The Coosa River is a cultural icon of the South and home to an astounding variety of rare and unique fish, snails, and mussels. The construction of seven large hydropower dams in the mid 1900’s turned the river into a series of reservoirs and caused the largest mass extinction of aquatic species in U.S. history.
Threat: Hydropower dams
But there is still an opportunity to save some of the Coosa’s remaining natural heritage for future generations. The U.S. Fish and Wildlife Service must insist on strong protections for the river’s endangered wildlife in the license that will allow Alabama Power to operate these dams for the next 50 years. The Coosa will serve as a test as to whether federal agencies are committed to environmentally sustainable hydropower operations.PDF file link:
American Rivers: Matt Rice,
Alabama Rivers Alliance:
Mitch Reid, (205) 322-6395
World Wildlife Fund: Judy Takats
firstname.lastname@example.org**Thanks to the June 2, 2010 edition of the Birmingham News for publishing this.
“The threats facing this year’s rivers are more pressing than ever, from gas drilling that could pollute the drinking water of millions of people, to the construction of costly and unnecessary new dams, to outdated flood management that threatens public safety,” said Rebecca Wodder, president of American Rivers.
Rivers are chosen based on several factors, including a pending major decision on proposed action, the significance of the threat to communities and the degree the proposed action would exacerbate or alleviate stresses, said the release:
We would like to add quarries, pipelines, waste water treatment plants and heavy industry in Shelby County to the list of threats to the Coosa.
Shelby County is in NON COMPLIANCE STATUS on their SWM (Storm Water Management, link to the right) by EPA federal audit 2009. This has NOT BEEN RESOLVED YET according to Senior Enforcement Officer, EPA Region 4, Chris Plymale.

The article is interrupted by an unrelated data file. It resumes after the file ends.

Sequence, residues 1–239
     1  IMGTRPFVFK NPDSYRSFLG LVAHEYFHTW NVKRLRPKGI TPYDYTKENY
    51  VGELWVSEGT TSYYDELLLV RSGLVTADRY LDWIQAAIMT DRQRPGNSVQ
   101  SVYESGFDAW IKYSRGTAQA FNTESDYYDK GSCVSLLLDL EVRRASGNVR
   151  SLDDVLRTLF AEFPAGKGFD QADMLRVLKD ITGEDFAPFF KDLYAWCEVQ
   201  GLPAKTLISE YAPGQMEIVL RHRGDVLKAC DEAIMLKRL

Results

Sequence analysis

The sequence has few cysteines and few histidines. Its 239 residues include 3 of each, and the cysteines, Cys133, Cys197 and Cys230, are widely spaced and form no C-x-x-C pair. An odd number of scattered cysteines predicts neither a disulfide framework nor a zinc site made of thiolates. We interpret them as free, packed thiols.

That should trigger an automatic moratorium on all new permits until it is remedied.
The county performs their "model of cost effective Storm Water Management" as quoted by Stephen Bradley (WRQ PR Rep) on an "annual budget of 45,000 and two part-time employees." The population of the county is over 175,000 and their are 167 heavy industries in Shelby County.
(This from BARD, who gutted the Jefferson County SWMA now also under federal scrutiny)
There are five quarries in the county, numerous cement, asphalt, lime production, building materials, etc. industries in this county. All of them have numerous violations according to the ADEM files, and some of these violations occur under storm flooding conditions. From those sites they make it into the Coosa River, it's tributaries (Buxahatchee Creek has been hit extremely hard) and into our ground water.
Our drinking water.
But let's go ahead and force a massive quarry on the residents of Vincent, less than a mile from this river. Let's give them a SWM permit (even though we cannot handle what we have) and allow more pollutants into the Coosa. While we are at it, allow the quarry to establish parameters and access to their monitoring wells.
This is not at all a "fine idea for Alabamians."
This river cannot endure another massive assault, Governor Riley.
Neither can Vincent, lest we forget the Alabama Plating Company Superfund cleanup.